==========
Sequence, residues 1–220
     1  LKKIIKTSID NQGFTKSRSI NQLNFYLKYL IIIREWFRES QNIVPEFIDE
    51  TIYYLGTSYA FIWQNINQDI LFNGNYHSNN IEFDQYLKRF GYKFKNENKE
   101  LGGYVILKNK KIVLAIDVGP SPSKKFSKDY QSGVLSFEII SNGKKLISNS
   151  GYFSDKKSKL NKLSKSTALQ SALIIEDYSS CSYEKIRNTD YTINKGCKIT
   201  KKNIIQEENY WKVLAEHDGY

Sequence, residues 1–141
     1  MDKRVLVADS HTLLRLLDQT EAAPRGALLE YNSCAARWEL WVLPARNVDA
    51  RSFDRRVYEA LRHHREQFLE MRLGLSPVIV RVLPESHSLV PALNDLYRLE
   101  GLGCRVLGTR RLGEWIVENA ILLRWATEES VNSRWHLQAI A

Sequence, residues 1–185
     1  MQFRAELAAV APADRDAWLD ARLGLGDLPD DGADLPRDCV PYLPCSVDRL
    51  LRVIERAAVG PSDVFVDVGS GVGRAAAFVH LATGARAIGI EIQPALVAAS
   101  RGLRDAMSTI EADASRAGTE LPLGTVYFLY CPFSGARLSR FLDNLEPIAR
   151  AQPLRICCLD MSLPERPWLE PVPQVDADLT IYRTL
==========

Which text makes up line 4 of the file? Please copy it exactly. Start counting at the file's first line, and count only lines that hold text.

   101  LGGYVILKNK KIVLAIDVGP SPSKKFSKDY QSGVLSFEII SNGKKLISNS